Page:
Most of the terms of the deal being discussed are reasonable, but the sunset clause should be a deal-breaker for the P5+1.  Iran should be told that there is no reason to expect it would be any wiser for them to advance their nuclear weapons capacity 10 years from now than today.  The goal should be an agreement that lets Iran develop a limited civilian nuclear capacity under vigorous international inspections, and that should be all that Iran ever needs (and is in fact all that Rouhani and Zarif claim it ever wanted).

So by all means, let us have a deal, but a deal that lasts.  A deal with a ten-year expiration date is worse than no deal at all.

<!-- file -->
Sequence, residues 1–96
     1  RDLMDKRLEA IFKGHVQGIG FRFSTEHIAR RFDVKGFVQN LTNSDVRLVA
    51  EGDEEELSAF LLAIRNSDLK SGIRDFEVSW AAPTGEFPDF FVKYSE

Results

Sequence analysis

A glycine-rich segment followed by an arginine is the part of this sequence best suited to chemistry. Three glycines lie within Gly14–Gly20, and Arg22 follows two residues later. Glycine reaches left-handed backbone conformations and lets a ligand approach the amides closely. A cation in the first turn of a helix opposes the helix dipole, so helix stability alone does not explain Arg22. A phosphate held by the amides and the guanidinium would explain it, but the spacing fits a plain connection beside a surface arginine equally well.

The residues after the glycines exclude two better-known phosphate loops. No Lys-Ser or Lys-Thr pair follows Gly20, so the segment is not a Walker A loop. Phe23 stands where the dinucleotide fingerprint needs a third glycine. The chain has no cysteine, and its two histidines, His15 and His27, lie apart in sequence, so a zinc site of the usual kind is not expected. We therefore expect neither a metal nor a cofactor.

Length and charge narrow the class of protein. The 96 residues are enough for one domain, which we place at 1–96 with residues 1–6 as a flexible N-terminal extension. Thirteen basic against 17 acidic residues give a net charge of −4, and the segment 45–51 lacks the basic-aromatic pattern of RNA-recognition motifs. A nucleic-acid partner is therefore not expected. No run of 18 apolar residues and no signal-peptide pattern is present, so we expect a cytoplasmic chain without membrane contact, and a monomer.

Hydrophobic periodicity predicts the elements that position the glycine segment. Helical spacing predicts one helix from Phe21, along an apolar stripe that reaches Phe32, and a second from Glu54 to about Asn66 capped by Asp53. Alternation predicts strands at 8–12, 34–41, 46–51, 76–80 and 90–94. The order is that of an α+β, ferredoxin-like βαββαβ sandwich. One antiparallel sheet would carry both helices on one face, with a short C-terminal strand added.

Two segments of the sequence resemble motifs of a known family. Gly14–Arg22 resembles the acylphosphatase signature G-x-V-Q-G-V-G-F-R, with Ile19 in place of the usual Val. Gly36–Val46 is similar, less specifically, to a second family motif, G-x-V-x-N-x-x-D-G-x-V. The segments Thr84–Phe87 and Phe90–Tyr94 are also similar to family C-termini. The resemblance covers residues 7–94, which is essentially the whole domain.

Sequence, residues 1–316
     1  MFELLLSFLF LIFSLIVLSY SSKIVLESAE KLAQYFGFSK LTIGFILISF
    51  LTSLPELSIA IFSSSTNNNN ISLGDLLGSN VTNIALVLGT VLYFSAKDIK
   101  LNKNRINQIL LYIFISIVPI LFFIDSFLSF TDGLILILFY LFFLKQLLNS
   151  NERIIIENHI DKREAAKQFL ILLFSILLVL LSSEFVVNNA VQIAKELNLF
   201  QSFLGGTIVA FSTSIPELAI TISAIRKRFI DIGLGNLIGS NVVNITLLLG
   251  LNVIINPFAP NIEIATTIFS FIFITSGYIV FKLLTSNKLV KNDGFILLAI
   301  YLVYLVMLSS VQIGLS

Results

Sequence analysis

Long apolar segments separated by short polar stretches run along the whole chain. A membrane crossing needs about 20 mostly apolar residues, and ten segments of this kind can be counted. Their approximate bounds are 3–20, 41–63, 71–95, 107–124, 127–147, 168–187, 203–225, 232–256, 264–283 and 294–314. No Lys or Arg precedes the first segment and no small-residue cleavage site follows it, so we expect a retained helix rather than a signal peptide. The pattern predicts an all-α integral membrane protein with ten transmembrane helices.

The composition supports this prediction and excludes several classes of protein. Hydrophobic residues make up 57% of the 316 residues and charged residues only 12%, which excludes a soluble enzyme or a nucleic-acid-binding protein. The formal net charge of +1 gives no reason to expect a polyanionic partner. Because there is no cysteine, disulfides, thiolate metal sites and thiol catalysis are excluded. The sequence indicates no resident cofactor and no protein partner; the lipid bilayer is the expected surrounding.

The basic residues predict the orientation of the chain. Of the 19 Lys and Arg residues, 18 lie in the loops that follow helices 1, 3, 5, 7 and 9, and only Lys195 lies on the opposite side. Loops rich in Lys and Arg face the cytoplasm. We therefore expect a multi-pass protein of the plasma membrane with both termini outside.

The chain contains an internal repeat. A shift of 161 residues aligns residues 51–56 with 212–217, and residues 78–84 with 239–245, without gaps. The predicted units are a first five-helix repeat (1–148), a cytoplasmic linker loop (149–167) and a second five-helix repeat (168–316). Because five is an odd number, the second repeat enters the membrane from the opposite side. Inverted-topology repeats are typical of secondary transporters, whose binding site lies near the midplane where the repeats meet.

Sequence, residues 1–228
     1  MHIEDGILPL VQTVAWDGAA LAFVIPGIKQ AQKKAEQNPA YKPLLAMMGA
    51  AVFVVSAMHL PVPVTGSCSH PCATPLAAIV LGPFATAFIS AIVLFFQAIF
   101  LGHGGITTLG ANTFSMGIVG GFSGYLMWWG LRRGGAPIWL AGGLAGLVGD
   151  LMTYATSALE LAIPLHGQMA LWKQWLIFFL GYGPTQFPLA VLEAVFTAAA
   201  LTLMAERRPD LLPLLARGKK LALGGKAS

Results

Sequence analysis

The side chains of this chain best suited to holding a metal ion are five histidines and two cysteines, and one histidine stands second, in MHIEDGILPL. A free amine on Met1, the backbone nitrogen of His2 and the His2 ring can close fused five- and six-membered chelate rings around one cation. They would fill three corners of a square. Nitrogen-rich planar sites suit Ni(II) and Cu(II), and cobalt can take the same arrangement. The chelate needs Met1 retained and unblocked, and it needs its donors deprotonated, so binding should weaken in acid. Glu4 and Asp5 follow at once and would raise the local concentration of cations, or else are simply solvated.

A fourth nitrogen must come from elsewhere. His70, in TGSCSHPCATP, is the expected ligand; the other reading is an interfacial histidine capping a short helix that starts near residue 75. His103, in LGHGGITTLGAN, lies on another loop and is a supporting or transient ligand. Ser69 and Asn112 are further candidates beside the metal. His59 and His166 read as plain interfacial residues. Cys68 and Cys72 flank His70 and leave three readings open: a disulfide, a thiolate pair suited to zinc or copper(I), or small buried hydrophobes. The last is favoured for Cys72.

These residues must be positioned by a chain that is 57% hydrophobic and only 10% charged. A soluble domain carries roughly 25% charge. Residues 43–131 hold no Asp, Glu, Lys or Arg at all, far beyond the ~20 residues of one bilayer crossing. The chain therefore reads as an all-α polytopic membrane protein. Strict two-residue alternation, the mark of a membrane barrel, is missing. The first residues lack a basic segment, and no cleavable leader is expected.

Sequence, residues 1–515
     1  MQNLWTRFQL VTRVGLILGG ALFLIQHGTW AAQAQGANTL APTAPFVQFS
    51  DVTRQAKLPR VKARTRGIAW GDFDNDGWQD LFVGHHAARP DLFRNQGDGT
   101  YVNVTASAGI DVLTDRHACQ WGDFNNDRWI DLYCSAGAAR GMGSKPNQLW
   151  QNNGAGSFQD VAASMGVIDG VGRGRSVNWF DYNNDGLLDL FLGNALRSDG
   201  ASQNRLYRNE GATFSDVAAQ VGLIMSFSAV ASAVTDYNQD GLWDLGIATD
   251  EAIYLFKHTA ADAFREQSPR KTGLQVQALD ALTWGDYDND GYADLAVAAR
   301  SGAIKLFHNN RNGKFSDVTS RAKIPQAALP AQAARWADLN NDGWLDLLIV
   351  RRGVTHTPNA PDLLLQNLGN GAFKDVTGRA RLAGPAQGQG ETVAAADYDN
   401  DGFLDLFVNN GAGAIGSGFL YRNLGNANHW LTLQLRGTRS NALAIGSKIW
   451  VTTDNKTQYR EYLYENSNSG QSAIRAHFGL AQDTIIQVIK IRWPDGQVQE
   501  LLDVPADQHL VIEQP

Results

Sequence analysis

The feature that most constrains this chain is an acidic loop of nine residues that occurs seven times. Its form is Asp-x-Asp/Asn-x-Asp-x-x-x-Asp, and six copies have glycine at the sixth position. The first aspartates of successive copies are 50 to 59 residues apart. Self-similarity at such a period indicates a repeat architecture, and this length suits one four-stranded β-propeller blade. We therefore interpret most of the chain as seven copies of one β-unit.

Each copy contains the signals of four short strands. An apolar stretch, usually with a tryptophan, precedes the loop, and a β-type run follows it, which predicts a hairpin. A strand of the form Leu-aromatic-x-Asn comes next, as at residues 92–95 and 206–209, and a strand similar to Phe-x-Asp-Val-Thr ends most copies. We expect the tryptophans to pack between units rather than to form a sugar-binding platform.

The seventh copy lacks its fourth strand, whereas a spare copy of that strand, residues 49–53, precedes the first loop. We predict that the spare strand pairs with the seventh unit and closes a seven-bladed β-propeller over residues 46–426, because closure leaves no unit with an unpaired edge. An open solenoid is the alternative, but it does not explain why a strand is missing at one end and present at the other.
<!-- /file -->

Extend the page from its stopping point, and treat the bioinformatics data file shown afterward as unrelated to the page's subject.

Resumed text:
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About jackgoldstone

Hazel Professor of Public Policy at George Mason University
This entry was posted in The Global Economy, The Middle East Revolts, U.S. Politics and tagged , , . Bookmark the permalink.

3 Responses to A Bad Deal for Everyone

  1. fortiradici says:

    Jack, why is it that virtually all Americans, certainly all neo cons & Adelson acolytes, refuse to see the Elephant in the room, countries w/o nukes are demolished (Iran’s neighbors?) but countries with Nukes…..!
    Unfortunately, Bibi’s gonna get reelected, thanks to casino cash & the shameful scene that occurred in Congress last week will further erode what little is left of American democracy. The rabid applauding could have been in Bucharest in the 1950s. And condemnation of those absent or not clapping fanatically.